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Dave G.

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About Dave G.

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  • Are You Human?
    Yes
  • Scale I Build
    1/25 or larger

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  • Location
    Sandwich Ma
  • Full Name
    David Grabowski

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  1. Ya I like the stance of this T, I like everything about it except the $2800 crank price lol !!! I
  2. I felt right at home looking at it, as I said ticked all my boxes at least in a T. I watched another vid of a T with 400hp and it had plenty of snap to get me in trouble lol. But hp is subjective in terms of desire. The nice thing about this T is he seems to have gotten that power to hook up with the pavement. T's only weigh in the teens, the one I posted is 1700lb. To my eye it's just proportioned great, nice car.
  3. Modern day t bucket. This ticks the boxes for me except maybe a bit much engine in terms of hp:
  4. It works in most acrylics, just mix some up and let it sit covered for 4-5 minutes, if it's a paint that will react it will get stringy, turn to glue or else separated never to go back together. DecoArt for instance is the only craft paint so far that reacted once and I use several brands of craft paint. Thus far no acrylic model paint has been an issue in these ratios of alcohol. Tamiya gloss will work but you will get better gloss from lacquer thinner with that paint. The flats are ok. Model Master acrylic shoots exceptionally nice with it, you're gonna like it just be sure to prime first. You should always prime first with acrylics, they bite primer great and plastic terrible lol ( no, I mean literally terrible) !! Just trust that the blend works better than water ( I've spent two years playing with different means of thinning acrylics conducting spray tests, drying, scratch tests, water alone is rarely the answer), it sprays more like solvent paint with the alcohol in there is best I can tell you. The basic formula came from Bobby Waldron at Genesis Models fwiw. I'm in agreement with his comment that this is pretty universal thinner.
  5. Well we're making a thinner blend for airbrushing acrylics. I can't speak for the others but mine needs 30-32% actual or true alcohol content. So the distilled water gets adjusted accordingly to that, the real alcohol content in the blend is around 30-32% in my case. You need to understand that all the numbers you mentioned, the other part of that to make up 100% in your bottle is already water. That's all that is in there. So Then, to every 3 oz of thinner I make up I add x amount of Liquitex retarder according to season. And of course there is fudge room to mess with. For the acrylics I use I find this nearly perfect. A few guys copied it and love it. One tried to cheat the retarder, then cheat the brand of retarder and it totally flopped for him. Once he got it all straight in his head he was golden.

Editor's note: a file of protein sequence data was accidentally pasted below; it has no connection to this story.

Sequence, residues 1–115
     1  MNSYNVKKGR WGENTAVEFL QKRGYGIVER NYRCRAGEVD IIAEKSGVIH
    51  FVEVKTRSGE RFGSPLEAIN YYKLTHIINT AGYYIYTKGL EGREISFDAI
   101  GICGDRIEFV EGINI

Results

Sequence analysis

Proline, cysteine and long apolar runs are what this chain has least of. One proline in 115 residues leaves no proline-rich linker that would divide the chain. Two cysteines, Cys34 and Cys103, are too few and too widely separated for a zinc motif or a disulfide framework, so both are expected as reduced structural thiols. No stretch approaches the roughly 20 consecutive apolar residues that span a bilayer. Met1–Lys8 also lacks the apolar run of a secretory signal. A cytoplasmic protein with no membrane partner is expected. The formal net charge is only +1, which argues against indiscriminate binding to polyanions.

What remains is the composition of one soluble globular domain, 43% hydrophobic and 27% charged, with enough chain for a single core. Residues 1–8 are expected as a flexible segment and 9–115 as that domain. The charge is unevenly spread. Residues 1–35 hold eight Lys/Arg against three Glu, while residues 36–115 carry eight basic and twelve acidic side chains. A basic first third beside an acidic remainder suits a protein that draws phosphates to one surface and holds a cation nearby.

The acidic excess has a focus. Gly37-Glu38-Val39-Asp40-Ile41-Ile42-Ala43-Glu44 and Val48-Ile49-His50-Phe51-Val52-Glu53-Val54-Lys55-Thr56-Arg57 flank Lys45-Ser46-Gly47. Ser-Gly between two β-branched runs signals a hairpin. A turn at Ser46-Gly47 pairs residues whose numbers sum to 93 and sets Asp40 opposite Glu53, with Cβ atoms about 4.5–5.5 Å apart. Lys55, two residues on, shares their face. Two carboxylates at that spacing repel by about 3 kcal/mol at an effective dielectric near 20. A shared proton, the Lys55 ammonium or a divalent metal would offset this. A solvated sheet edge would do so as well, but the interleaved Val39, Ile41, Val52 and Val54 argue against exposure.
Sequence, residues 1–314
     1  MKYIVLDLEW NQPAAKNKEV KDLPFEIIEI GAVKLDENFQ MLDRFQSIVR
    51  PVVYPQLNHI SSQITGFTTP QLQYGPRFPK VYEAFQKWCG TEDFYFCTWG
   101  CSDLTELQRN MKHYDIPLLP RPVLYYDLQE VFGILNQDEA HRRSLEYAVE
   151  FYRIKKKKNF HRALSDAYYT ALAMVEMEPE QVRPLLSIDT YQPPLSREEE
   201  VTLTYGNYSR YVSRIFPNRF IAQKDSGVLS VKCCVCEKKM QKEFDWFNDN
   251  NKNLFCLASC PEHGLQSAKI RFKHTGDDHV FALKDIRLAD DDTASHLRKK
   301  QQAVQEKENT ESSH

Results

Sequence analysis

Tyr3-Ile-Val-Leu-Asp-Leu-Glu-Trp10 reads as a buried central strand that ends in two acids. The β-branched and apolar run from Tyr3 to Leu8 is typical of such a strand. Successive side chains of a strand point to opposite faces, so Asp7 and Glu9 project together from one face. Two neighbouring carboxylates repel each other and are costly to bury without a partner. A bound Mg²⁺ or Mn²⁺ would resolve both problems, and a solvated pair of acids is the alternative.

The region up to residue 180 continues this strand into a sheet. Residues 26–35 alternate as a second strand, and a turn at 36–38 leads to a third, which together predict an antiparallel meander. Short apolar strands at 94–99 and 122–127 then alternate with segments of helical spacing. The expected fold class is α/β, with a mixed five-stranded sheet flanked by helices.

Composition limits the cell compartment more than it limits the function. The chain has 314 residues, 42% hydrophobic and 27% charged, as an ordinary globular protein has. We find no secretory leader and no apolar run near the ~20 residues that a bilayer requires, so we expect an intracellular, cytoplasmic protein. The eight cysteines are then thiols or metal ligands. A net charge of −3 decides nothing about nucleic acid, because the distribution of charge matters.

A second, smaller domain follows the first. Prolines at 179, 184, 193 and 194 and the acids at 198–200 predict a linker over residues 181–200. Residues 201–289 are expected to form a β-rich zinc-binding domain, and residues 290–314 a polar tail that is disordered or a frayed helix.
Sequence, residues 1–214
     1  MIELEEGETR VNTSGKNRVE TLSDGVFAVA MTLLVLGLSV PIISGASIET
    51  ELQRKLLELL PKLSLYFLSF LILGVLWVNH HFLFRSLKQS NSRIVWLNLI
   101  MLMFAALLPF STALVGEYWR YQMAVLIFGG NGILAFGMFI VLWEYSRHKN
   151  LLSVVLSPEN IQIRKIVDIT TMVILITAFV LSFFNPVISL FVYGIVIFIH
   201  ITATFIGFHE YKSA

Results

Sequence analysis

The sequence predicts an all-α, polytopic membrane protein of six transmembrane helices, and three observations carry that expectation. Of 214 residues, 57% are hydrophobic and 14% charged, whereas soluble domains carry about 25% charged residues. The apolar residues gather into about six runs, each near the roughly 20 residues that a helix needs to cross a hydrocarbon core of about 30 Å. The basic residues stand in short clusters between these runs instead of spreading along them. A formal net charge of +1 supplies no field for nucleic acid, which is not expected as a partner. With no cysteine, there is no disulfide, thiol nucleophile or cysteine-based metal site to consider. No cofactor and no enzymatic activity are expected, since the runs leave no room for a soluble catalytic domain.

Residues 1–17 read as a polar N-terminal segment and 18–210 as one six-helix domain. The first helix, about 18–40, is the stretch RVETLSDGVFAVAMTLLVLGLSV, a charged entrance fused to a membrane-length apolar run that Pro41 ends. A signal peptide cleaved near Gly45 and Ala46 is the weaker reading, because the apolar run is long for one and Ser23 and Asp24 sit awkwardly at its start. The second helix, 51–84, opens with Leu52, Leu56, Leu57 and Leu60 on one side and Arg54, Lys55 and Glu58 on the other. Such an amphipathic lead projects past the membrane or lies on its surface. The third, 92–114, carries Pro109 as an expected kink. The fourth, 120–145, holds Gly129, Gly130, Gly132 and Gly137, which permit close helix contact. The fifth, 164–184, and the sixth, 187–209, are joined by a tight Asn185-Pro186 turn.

6. Ace beat me to the answer. Actually I use 91% in my home brew thinner for acrylics. Since covid I've only been able to get 70% locally so I adjusted the water in the home brew to 20% less which is more than close enough. Still use the same amount of Liquitex retarder to control tip dry and aid flow out. . I've saved my 91 for cleaning but find that 70 cleans just about as well.
  7. Forget ? I didn't know lol !!! That doesn't sound promising at all. No wonder I never got a return email from them about the 56 Buick. They probably figured I was nuts, might be right too.
  8. I like the Oldsmobiles too in those years. Since I was a kid for whatever reason the 56 Buick just was something I'd like to have modeled and Mobius would do it up right, I'd take a 55 or 57 if that's all there was... I built the 58 that was around back in the day ( 1960 or so I imagine), I think a couple of them actually, the first being the first car I tried to paint and not so successfully lol. Never cared for the 58 I' might add.
  9. Might sound stupid to most but they did a great job on the 56 Chrysler, I want to see a 56 Buick come out.
  10. Store the high pigment colors and primer upside down. This way solidswhen turned back upright are to the top of the can and aren't the first thing into the tube when shaken up and giving that first shot of paint. And heat your cans up in hot water to where when shaken the temp equalizes warm to the touch. It might take a few warmings and shakings. You just want the can warm not hot but this will help in mixing the paint and atomization too. Course the thread is about decanting but you have those answers already.
  11. Rustoleum clear gloss lacquer decanted: I used hardware store lacquer thinner but it needed retarder,way too fast drying and went dull.Course it buffed up anyway but a bunch of added work that is not required when shooting from the can.... Now I do use Minwax clear lacquer in quarts for my wood working and that thins and sprays fine with the same thinner even in an airbrush.. Not sure how it would fare in the long haul on yellowing, it's fine up front though. Just sayin.
  12. Just the clear lacquer gloss. It sprays better out of the can.
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